the tone of this little corner of the blogosphere has, well, gotten a bit heady of late, and thus I endeavor here to bring it down a notch or two.
which leads me to comment on Sam's post below on blogging. I have been reflecting on the phenomenon of the first few weeks of blogging for, well, the first few weeks of blogging. it's an interesting medium, in that audience becomes at first a problem (as in, to whom am I talking? who will care?) and then, if you let that go, the question of audience becomes an interesting ghost behind your writing, occasionally sitting on your shoulder and suggesting that perhaps, in the interests of ever wanting to return to the US, one might not want to post that GW Bush is a dickwad on one's blog. Or, as in the case of a friend of mine who just e-mailed me (let's call him/her JO), leading you to establish elaborate anonymity schemes for those you are talking about so as not to hurt anyone (including, let's face it, yourself). I have attempted to avoid the latter, but it does require some effort, which is interesting. I've read on other blogs that the blogger's friends seem to know them better through the blog than through direct interpersonal contact, for example, which while at first glance is somewhat disturbing, at second glance makes sense: you are whomever your audience reflects back to you, and so when there's no reflection, it's up to you to figure out who you are at that moment. So blogging. very interesting. not at all linear, not at all contained.
which brings me to washcloths.
over the past few weeks, I've been thinking that I should blog about washcloths. when you have a blog this is a common thought (not the specifics of the washcloth, of course—that's just my neurosis) and that's interesting, because as Sam says below, the timing of the blog/thought pattern is different than any other writing one usually does.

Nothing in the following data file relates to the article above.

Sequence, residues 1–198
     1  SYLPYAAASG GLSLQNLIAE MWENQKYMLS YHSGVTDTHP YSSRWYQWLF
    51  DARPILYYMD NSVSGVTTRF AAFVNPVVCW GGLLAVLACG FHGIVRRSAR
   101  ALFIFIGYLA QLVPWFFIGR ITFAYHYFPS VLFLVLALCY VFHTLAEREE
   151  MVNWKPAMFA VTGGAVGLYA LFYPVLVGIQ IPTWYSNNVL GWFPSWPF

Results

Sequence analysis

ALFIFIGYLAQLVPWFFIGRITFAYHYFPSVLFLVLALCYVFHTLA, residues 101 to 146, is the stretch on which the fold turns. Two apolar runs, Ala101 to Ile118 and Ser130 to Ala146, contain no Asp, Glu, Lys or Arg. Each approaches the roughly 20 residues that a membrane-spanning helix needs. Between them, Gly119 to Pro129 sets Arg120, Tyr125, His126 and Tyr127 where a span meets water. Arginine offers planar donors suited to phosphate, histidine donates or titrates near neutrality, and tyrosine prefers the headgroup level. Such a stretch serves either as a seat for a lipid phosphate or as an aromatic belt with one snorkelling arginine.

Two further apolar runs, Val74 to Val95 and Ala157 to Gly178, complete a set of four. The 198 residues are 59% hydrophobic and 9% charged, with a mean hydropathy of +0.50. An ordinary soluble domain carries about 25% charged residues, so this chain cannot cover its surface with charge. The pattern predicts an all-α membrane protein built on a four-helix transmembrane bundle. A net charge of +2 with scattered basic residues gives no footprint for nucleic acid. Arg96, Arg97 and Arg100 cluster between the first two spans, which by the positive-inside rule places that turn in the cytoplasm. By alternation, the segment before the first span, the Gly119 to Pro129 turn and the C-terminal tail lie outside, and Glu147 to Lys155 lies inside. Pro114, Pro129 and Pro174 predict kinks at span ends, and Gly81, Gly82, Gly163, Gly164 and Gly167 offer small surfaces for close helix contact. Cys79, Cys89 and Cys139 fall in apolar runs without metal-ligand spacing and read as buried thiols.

but my washcloth "insight" is related to OddsAreOne's postings about narrative and the universe. for I haven't used a washcloth in I don't know how many years. and then we got some of that fab Dr. Bronner's liquid soap stuff, and as I am morally opposed to those silly poof balls that were all the rage in mid-1998, I pulled out a washcloth. suddenly, I'm five. it's astounding. you should try it. the feeling of washing your face and ears with a washcloth is exactly like when you were five. there's no linearity to it, no narrative, no physical connection even, as the skin cells etc. I have today have turned over however many times since I was five, right? the disconnect, the forgetting of that feeling—it wasn't even a memory before I used the washcloth again a few weeks ago. this is how time and history works—how narrative and memory work. vide the ghosts Sam writes about in his book. we can't predict them, we can't know when they will return (see OddsAreOne's postings about social science and stats here) but they are real, and it's likely (what are the odds?) that they will return.
So it's not about the predictability, it's about the manner in which the universe operates, right? storytelling, repeating (not precisely) the same tale, the same narrative. that's what Richard Powers' books are all about too—multiple narratives. so much for non-heady. to sum up:
no new narrative can be written. writing is rewriting. touching (haptics, if you will) is crucial for our understanding of the universe. and well, you are now and always have been five.